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The applicant Jaime Simmons, sustained injury on March 22, 2014 to his right foot and ankle while in the employment of defendant Just Wingin It, Inc. insured by Procentury Insurance Company.

The case was set for trio! to resolve the issue regarding how TI’D was paid to the applicant. After discussion with the parties at the MSC it was clear that there was a disagreement on the method of providing payment to the applicant such that the adjuster would be required to testify at tho upcoming trial.

The WCJ noted that “the defendant cites multiple ways in which the adjuster could be allowed to testify at trial. However, the defendant fails to appreciate that the witness’ credibility is being assessed at trial and it is often difficult for the trier of fact to asses credibility if the witness is not present in the courtroom while providing testimony.”

Thus the WCJ ordered that defendant’s claims adjuster, who lives in Illinois, must appear in person for trials. The employer filed a timely, verified Petition for Removal seeking relief from this order.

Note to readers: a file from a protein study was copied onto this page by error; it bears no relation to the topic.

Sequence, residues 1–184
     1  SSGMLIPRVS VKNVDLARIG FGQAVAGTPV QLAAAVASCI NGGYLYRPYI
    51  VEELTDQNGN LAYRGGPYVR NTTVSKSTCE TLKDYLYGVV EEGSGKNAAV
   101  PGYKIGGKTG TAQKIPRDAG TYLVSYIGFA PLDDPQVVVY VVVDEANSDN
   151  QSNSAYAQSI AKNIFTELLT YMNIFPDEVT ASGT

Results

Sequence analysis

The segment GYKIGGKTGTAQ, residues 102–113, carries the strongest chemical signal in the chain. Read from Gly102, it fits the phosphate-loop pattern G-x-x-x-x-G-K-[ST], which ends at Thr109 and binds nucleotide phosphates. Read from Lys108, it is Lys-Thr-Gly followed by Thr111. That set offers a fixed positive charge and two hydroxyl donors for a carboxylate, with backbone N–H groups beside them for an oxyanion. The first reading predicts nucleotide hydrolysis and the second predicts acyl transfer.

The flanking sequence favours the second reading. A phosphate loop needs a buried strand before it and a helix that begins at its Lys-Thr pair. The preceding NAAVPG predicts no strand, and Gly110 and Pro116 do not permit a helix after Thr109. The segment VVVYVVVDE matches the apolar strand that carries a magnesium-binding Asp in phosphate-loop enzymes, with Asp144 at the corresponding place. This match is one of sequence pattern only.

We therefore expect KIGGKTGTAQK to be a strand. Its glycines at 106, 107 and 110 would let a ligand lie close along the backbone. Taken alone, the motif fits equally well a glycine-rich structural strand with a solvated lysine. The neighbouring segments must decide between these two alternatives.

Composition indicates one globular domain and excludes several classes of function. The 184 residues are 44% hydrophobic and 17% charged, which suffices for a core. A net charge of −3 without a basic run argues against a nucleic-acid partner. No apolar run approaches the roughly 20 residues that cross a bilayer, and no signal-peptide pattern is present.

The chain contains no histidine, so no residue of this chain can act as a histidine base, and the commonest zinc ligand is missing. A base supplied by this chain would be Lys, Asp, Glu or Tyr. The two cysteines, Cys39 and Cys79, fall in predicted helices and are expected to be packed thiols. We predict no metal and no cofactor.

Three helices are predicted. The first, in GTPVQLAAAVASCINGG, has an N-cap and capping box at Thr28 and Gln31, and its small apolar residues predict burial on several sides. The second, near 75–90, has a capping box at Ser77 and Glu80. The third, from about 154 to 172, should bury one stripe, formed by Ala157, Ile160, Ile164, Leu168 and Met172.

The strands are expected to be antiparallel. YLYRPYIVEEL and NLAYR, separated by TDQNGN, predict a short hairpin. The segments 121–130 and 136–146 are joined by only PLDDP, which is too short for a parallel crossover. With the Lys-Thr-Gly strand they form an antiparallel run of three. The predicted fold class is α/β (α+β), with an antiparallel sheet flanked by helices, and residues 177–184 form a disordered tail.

Defendant argues that it would suffer substantial prejudice if it were required to produce the claims adjuster at trial “where alternative means of obtaining testimony exists,” noting . that verbal testimony can be obtained by courtcall or video conferencing.

Defendant also points out that the purpose of taking the claims adjuster’s testimony would be to elicit the claims adjuster’s verbal response, and the claims adjuster’s “physical presence adds nothing to the verbal testimony that he/she may provide.” Defendant states that producing the claims adjuster in person for “one or more hearings” would place a “significant burden” on defendant, in addition to the additional costs required.

The WCAB granted removal in the significant panel decision of Jamie Simmons v Just Wingin’ It, Inc. and ProCentury Insurance Company.

“We agree with defendant, and see no reason not to use the alternative means of obtaining the claims adjuster’s testimony. We further note that the California Code of Civil Procedure explicitly provides for the taking of depositions by remote electronic means, as do the California Rules of Court. (Cal. Code Civ. Proc. § 2025.310(a)

“A person may take, and any person other than the deponent may attend, a deposition by telephone or other remote electronic means”; Cal. Rules of Court, rule 3.1010(a)- (b). “Any party may take an oral deposition by telephone, videoconference, or other remote electronic means [ … and] [a]ny party may appear and participate in an oral deposition by telephone, videoconference, or other remote electronic means[.]”),